Go With Kinky

About eight years ago, give or take a couple of days, Kinky Friedman gave me a copy of his first three novels, collected in a single volume by a British publishing house. Inside, he had scribbled a note that, to this day, gives me no small amount of solace and inspiration: "From one Texas Jewboy to another, go fuck yourself." (Years later, he gave William Jefferson Clinton, a longtime fan, a book with a far less stirring message: "See ya in hell." The president responded by asking The Kinkster to the White House for dinner.) I've known Richard "Kinky Big Dick" Friedman almost 14 years, ever since he decided to ditch his career as a singer and writer of songs both profane and profound and take up a new profession as an author of mystery novels (of which the latest is The Mile High Club, about a plane trip from Dallas to New York, a mysterious woman, and a pink suitcase). I first met him in a mall in Austin, where he was signing copies of his first book, Greenwich Killing Time, and he was easy to spot, as he was the only man in the mall who looked then as he does now--like the lost, latent member of the lost Hebrew tribe of the Village People.

Over the years, our professional relationship (meaning, he called whenever he was coming to town and needed a little advance press) turned into a personal one (meaning, I now call him when I need a favor). I've smoked pot with Kinky and Wavy Gravy in a Dallas hotel room, gone to dinners with him and his parade of beautiful young girlfriends, asked for and received and ignored advice about career decisions, and laughed at jokes staler than the smell of one of his ever-present cigars. ("The Germans are my second-favorite people," he's fond of saying, "My first are everybody else, hee hee hee hee.") I am convinced that my wife believes--half the time, at least--she married the wrong Texas Jewboy. When she invited The Kinkstah to our wedding in 1997, I think she was hoping he'd show up as the groom.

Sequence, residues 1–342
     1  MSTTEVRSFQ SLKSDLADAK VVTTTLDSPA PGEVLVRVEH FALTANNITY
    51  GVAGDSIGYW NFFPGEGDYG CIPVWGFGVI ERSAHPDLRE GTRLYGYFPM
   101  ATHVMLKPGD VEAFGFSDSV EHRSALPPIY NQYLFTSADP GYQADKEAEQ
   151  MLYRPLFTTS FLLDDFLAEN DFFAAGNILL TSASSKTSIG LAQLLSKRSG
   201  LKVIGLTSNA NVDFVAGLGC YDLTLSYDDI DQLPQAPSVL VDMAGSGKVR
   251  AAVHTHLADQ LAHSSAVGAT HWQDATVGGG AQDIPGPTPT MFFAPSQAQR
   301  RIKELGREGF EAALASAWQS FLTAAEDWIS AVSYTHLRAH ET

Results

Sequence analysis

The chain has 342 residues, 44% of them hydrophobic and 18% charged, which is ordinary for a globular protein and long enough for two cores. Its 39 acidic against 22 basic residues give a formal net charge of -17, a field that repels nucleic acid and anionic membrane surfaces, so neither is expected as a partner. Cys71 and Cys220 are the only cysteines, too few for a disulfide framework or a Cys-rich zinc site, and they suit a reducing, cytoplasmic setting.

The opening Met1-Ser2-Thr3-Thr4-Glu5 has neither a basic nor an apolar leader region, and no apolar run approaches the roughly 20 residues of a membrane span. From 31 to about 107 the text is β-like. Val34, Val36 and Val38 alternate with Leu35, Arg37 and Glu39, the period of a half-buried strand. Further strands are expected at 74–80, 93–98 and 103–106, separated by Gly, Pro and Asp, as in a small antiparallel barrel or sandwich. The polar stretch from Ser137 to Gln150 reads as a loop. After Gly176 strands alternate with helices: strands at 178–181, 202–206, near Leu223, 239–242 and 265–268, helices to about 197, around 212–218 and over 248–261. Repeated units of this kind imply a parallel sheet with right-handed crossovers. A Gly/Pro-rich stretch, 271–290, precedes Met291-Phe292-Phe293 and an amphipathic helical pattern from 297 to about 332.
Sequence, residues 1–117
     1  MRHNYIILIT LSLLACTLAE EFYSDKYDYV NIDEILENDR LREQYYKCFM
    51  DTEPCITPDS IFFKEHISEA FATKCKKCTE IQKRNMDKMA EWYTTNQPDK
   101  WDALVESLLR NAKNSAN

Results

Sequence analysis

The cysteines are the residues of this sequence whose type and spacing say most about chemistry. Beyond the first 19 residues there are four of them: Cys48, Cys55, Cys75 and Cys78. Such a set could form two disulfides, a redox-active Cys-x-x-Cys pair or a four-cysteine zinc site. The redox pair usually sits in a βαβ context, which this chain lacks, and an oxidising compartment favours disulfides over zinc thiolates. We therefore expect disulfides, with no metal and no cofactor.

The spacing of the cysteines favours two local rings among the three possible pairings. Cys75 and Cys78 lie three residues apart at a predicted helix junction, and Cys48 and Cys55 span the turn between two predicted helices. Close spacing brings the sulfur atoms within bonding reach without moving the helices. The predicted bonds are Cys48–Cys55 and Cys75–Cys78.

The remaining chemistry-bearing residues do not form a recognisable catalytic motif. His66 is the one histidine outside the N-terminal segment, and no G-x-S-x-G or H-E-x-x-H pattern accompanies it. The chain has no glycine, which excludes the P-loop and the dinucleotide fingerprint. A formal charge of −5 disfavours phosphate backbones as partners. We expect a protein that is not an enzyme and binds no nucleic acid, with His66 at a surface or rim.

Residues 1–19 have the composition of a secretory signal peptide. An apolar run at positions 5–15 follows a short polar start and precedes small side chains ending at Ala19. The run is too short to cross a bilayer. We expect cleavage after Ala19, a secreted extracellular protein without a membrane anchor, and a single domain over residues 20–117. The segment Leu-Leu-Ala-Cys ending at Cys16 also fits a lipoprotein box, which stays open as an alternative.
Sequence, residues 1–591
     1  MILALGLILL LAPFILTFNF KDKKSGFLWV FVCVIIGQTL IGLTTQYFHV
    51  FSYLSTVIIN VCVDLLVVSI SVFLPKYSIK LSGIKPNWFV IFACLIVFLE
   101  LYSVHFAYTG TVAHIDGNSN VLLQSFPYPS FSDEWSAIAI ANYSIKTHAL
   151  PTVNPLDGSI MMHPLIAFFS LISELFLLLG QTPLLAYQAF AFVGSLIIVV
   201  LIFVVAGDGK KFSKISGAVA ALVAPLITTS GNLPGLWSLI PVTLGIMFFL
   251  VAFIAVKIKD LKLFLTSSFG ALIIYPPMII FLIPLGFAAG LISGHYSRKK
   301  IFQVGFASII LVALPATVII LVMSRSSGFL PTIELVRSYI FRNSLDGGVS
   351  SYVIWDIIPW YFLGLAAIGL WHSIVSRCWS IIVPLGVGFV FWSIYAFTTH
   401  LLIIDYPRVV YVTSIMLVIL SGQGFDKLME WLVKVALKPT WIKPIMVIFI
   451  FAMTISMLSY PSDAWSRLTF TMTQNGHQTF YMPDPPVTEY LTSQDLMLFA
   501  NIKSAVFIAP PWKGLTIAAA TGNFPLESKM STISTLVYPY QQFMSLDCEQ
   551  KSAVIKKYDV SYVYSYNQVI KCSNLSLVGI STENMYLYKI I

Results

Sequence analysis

Last time I saw the man was in June: I'd asked him to speak at the annual Association of Alternative Newspapers conference in Phoenix, to talk about "the art of writing," or some such bullshit. Instead, he made a few decidedly un-PC jokes (available on his new CD Classic Snatches from Europe, a comedy-and-music routine performed with old pal Little Jewford), read from his book Roadkill ("In the early '50s, when I was a child, I spat as a child, I shat as a child, and I wore a funny little pointed hat as a child," he began, adding, "Now that's great writing"), and stuck around an extra hour so he could sign books for the normally bored Birkenstocks in the hotel dining hall who still have posters of George McGovern hanging above their beds. They didn't want to laugh, but they did; they didn't want to beg for autographs, but they did. They didn't want to love Kinky, but they did.

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Robert Wilonsky
Contact: Robert Wilonsky